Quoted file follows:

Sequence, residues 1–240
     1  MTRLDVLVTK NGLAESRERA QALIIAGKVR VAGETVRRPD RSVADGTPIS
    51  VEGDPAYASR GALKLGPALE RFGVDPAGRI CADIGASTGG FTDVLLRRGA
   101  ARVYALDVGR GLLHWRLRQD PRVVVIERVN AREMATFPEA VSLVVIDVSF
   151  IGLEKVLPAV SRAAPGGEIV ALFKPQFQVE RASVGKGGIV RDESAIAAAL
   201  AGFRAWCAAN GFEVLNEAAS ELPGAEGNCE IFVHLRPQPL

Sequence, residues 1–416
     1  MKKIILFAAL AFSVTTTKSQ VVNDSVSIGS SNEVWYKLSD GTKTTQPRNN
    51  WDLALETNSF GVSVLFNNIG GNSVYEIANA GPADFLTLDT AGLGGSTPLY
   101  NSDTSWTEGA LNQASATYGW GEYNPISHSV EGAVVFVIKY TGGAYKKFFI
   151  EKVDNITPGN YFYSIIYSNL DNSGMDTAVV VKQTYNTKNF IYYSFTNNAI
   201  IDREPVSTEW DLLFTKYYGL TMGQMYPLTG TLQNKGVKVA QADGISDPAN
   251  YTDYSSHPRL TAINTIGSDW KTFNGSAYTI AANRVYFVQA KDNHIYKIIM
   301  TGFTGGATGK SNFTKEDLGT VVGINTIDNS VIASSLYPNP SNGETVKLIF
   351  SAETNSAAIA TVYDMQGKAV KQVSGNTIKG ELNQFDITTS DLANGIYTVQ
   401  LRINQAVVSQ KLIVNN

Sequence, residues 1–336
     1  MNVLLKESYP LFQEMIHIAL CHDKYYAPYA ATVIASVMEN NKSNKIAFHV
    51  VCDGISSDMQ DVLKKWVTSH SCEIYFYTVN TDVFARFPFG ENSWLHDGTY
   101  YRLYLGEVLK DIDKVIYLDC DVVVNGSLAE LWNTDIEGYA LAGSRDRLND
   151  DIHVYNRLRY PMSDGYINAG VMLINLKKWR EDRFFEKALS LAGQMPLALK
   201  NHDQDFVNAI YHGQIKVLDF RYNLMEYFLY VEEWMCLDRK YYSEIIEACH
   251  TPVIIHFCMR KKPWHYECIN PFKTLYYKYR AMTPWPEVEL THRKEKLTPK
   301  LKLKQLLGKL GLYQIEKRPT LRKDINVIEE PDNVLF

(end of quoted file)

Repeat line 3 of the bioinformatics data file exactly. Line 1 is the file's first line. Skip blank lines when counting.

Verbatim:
    51  VEGDPAYASR GALKLGPALE RFGVDPAGRI CADIGASTGG FTDVLLRRGA